Semantic publishing on the Web, or semantic web publishing, refers to publishing information on the web as documents accompanied by semantic markup. Semantic publication provides a way for computers to understand the structure and even the meaning of the published information, making information search and data integration more efficient.
Although semantic publishing is not specific to the Web, it has been driven by the rising of the semantic web. In the semantic web, published information is accompanied by metadata describing the information, providing a "semantic" context.
Although semantic publishing has the potential to change the face of web publishing, acceptance depends on the emergence of compelling applications. Web sites can already be built with all contents in both HTML format and semantic format. RSS1.0, uses RDF (a semantic web standard) format, although it has become less popular than RSS2.0 and Atom.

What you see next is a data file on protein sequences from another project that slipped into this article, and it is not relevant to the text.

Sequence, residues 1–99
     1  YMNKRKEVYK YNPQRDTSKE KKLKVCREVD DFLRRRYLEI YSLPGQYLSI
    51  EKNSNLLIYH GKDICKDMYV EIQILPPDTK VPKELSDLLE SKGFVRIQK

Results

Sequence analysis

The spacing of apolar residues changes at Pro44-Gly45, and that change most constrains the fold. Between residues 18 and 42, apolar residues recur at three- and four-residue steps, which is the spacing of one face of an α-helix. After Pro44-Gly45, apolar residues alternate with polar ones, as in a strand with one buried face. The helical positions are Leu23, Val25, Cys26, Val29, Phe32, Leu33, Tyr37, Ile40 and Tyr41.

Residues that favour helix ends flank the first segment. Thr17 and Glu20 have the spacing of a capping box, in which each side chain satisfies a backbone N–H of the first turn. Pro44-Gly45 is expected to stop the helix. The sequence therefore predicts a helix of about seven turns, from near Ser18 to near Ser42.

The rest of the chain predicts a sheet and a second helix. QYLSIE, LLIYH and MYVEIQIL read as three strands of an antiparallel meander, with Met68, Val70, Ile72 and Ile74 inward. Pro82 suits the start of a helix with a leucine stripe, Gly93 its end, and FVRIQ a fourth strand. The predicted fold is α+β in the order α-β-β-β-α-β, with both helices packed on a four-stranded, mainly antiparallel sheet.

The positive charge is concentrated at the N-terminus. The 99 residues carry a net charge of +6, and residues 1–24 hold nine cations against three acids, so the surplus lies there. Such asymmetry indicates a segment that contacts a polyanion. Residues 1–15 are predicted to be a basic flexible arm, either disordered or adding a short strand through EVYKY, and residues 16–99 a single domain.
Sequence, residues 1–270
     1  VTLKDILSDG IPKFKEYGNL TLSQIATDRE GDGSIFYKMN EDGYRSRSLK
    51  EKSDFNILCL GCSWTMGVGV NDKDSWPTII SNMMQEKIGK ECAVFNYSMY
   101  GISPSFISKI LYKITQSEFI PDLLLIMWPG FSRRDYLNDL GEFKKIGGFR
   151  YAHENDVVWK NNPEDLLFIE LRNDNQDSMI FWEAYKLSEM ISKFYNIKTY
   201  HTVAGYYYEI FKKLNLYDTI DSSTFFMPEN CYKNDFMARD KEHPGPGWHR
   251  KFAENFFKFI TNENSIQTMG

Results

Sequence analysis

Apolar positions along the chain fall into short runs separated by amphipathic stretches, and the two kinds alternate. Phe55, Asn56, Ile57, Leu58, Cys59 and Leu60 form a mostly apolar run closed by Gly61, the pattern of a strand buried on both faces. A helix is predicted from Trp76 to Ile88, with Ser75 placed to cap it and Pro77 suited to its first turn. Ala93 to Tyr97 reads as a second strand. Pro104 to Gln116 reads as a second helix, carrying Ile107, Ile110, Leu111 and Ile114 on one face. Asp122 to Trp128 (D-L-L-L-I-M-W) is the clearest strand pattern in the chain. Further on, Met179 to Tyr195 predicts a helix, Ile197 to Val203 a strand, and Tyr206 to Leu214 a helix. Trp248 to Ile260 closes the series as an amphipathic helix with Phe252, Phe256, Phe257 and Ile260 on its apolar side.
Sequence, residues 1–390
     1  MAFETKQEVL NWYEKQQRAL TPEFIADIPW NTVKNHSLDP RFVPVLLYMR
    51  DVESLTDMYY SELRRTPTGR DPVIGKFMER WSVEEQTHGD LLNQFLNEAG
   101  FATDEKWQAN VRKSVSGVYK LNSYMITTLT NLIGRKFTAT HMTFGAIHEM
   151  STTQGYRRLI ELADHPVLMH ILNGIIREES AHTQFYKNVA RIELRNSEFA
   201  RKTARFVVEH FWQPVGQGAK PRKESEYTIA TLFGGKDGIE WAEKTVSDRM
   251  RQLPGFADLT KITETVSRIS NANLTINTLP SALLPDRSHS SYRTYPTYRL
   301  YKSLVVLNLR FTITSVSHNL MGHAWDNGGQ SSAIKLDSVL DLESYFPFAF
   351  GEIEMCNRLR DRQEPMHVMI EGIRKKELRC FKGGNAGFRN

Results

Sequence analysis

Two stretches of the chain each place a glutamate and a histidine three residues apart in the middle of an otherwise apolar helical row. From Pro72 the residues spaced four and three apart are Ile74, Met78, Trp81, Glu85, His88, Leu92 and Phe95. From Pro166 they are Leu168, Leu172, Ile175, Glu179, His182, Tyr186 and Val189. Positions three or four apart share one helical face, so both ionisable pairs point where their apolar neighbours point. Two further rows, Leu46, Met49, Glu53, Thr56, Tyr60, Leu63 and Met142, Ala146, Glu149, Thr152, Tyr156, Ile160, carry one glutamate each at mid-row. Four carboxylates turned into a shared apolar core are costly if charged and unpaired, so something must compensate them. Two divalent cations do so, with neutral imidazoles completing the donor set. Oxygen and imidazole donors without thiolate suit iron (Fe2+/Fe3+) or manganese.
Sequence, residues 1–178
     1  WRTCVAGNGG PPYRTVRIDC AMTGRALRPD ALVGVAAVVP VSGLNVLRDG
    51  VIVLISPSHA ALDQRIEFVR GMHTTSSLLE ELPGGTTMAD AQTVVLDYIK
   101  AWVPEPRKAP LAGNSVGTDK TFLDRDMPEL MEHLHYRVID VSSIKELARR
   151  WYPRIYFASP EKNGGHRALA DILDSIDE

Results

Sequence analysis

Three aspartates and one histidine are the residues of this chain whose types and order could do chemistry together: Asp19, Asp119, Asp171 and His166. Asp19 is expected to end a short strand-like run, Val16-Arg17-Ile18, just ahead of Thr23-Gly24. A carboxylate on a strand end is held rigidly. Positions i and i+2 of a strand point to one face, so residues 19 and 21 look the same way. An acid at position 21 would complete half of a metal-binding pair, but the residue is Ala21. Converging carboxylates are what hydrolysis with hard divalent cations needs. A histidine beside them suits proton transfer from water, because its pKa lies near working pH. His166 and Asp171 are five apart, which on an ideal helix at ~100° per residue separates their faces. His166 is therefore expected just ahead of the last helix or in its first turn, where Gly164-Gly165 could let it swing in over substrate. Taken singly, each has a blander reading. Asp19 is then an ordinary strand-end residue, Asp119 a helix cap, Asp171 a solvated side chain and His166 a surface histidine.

Semantic publishing has the potential to revolutionize scientific publishing. Tim Berners-Lee predicted in 2001 that the semantic web "will likely profoundly change the very nature of how scientific knowledge is produced and shared, in ways that we can now barely imagine". Revisiting the semantic web in 2006, he and his colleagues believed the semantic web "could bring about a revolution in how, for example, scientific content is managed throughout its life cycle". Researchers could directly self-publish their experiment data in "semantic" format on the web. Semantic search engines could then make these data widely available. The W3C interest group in healthcare and life sciences is exploring this idea.
|Examples of ontologies and vocabularies for publishing||Examples "semantic content" containers for publishing
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